Review of Industrial Organization 24: 1–24, 2004.
© 2004 Kluwer Academic Publishers. Printed in the Netherlands.
Management Control and Innovative Activity
and KORNELIUS KRAFT
Centre for European Economic Research (ZEW), P.O. Box 10 34 43, 68034 Mannheim, Germany;
University of Dortmund, Vogelpothsweg 87, 44227 Dortmund, Germany
Abstract. This paper discusses theoretically the different incentives of managers versus ﬁrm own-
ers to invest in innovative activities. There are opposing effects concerning R&D intensity in the
manager-controlled ﬁrm. Our study on the determinants of R&D intensity presents empirical results
concerning this question. A sample of German ﬁrms with 4,126 observations is used to estimate Tobit
and semiparametric censored least absolute deviation (CLAD) models. It turns out that the owner-led
ﬁrms invest less into R&D than the managerial ﬁrms. With respect to the manager-led ﬁrms, we have
mixed results concerning the question whether expenditures on R&D depend on the control exerted.
Key words: Censored regression models, incentives, innovative activity, managerial versus owner-
JEL-Classiﬁcations: C14, C24, D21, O31, O32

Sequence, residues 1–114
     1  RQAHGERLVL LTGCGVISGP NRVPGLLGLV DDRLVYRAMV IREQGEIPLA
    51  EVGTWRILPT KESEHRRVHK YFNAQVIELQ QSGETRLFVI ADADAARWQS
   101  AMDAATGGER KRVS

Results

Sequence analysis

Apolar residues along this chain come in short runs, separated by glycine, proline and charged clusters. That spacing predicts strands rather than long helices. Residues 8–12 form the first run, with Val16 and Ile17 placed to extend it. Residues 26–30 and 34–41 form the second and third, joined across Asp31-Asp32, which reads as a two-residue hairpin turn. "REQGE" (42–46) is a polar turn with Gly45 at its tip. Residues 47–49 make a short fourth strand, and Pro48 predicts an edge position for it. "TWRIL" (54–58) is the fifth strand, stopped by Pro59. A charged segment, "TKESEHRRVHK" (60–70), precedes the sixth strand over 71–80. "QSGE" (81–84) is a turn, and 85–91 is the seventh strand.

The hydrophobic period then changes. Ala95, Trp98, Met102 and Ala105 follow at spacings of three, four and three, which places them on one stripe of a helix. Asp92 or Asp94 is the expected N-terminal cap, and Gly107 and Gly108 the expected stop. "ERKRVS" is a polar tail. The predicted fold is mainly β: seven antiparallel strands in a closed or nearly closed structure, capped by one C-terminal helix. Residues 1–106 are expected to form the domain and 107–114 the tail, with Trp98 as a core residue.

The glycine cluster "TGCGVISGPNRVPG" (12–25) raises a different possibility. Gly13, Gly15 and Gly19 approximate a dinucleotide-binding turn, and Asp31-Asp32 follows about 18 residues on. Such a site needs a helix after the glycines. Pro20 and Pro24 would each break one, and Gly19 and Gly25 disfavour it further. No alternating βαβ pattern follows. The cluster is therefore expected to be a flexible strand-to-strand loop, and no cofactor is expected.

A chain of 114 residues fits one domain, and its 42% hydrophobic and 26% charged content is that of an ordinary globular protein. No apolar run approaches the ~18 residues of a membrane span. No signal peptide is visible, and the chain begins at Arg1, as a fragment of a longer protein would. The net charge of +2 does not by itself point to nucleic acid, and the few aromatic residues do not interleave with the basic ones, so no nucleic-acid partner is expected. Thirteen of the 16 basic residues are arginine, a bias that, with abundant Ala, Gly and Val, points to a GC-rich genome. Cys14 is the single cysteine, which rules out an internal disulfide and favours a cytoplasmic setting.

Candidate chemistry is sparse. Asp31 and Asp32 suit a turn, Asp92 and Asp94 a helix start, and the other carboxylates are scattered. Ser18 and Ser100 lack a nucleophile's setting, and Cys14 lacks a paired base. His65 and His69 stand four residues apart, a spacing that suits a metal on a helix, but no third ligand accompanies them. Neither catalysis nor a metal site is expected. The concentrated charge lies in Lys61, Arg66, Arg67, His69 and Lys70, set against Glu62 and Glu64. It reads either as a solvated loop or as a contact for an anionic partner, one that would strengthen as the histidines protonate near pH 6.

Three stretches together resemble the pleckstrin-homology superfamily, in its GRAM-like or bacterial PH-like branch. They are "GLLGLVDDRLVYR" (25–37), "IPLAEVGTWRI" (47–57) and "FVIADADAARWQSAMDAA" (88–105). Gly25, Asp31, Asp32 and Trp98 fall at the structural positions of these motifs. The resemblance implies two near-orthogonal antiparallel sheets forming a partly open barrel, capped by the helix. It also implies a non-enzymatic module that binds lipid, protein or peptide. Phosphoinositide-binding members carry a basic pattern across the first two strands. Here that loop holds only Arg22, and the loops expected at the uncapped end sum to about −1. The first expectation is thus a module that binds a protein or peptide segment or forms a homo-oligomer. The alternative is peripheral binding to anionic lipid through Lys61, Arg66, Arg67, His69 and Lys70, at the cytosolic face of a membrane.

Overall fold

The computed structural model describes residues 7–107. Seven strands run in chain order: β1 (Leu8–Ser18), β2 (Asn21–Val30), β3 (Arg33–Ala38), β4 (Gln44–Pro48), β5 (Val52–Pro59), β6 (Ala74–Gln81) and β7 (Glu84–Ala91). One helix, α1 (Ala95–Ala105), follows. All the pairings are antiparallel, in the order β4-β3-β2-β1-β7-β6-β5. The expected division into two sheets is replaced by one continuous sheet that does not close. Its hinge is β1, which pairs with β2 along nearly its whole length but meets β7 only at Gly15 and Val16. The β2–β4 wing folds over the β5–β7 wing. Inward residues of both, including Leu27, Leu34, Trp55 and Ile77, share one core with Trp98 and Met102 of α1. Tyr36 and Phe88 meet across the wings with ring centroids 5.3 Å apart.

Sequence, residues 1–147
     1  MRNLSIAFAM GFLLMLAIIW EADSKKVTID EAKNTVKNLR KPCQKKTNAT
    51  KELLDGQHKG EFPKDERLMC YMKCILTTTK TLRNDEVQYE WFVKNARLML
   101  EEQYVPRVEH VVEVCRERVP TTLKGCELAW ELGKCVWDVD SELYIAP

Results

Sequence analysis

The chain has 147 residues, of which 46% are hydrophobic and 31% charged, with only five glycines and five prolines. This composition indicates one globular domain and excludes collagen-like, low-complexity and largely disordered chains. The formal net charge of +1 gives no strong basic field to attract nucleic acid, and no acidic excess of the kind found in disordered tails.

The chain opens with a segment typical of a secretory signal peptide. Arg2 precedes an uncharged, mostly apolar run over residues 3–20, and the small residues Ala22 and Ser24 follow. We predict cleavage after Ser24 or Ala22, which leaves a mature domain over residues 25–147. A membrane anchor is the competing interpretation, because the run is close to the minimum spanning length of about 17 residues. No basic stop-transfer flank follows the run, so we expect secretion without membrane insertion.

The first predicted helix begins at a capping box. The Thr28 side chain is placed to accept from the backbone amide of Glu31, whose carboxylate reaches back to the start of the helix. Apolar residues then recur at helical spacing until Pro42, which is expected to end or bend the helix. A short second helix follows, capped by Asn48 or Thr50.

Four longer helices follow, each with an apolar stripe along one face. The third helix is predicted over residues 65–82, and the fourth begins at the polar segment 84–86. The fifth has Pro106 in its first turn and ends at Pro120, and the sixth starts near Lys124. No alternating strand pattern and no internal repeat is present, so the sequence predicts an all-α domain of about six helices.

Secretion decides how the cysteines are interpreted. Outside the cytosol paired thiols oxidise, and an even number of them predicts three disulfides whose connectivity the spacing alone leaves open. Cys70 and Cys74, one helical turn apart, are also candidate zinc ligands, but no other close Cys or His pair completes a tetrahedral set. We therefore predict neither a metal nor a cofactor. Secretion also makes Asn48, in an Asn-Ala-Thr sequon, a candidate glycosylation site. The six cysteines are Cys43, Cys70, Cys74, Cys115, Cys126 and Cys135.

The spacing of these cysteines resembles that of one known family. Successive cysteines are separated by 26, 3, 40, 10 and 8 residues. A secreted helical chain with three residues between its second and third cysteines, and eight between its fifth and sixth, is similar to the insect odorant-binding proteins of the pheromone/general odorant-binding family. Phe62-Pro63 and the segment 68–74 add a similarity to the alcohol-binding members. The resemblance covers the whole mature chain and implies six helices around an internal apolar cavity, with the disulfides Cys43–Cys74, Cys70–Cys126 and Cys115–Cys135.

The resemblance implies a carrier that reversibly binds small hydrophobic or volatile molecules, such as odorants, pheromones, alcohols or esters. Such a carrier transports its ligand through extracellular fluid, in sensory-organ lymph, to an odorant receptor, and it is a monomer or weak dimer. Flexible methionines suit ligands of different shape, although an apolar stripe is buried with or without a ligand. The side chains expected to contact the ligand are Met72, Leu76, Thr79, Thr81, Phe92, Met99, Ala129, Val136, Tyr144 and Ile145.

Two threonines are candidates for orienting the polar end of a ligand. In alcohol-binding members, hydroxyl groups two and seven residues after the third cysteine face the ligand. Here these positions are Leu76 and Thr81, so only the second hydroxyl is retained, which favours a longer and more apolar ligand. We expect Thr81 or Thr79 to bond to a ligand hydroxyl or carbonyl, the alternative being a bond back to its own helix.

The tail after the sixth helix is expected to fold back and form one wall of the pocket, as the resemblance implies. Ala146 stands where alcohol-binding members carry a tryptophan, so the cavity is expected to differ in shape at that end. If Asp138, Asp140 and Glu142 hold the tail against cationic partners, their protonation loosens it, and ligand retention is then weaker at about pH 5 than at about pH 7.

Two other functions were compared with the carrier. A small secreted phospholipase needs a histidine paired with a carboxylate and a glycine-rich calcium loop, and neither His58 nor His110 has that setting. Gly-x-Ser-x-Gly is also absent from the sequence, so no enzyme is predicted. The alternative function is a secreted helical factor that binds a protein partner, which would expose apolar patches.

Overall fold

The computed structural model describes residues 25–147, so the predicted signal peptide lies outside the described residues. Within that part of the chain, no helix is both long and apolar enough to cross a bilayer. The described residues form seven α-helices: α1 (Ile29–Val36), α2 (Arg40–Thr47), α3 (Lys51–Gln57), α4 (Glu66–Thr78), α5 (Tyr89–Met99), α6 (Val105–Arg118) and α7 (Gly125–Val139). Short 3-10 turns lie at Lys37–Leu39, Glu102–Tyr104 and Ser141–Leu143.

Since the beginning of the discussion on innovation, a major emphasis has been
given to the central role of the entrepreneur for this process. For example, Kirzner
(1985) in line with the view of Mises (1951) as well as Schumpeter (1942)
(a) the market is an entrepreneurial process,
(b) a learning process is central to the market and
(c) entrepreneurial activities are creative acts of discovery.
In stark contrast to these statements on the entrepreneurs, nowadays big ﬁrms are
led by managers which leads to a classical principal agent problem. Managers are
mainly paid on the basis of a ﬁxed salary
and it is rather questionable whether
they always act in the interest of the capital owners. According to Mises (1951) an
entrepreneur is deﬁned by the following criterion: “There is a simple rule of thumb
to tell entrepreneurs from non-entrepreneurs. The entrepreneurs are those on whom
the incidence of losses on the capital employed falls”. If this deﬁnition is used, the
vast majority of the leading ﬁrms in all developed capitalist countries are not led
Author for correspondence. E-mail: firstname.lastname@example.org
Cf. Jensen and Murphy (1990) for a much discussed study on the determinants of salaries in the